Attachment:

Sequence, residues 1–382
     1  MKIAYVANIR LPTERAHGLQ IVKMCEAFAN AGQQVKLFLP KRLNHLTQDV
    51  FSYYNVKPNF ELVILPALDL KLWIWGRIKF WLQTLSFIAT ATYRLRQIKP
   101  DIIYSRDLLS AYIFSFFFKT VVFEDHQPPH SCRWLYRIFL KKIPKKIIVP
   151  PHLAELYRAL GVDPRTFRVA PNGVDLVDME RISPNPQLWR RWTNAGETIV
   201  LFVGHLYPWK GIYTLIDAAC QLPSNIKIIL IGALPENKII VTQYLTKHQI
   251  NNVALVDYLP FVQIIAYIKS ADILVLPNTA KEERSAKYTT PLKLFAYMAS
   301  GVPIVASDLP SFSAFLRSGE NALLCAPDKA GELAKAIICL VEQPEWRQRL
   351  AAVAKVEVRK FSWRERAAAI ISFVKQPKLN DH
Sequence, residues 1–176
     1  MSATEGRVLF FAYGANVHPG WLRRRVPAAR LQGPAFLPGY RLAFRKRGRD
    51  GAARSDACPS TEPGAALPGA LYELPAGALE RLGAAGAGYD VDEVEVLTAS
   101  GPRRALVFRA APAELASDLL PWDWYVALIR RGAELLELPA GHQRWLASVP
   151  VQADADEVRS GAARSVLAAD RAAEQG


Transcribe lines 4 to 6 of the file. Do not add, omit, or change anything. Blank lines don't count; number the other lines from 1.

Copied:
   101  DIIYSRDLLS AYIFSFFFKT VVFEDHQPPH SCRWLYRIFL KKIPKKIIVP
   151  PHLAELYRAL GVDPRTFRVA PNGVDLVDME RISPNPQLWR RWTNAGETIV
   201  LFVGHLYPWK GIYTLIDAAC QLPSNIKIIL IGALPENKII VTQYLTKHQI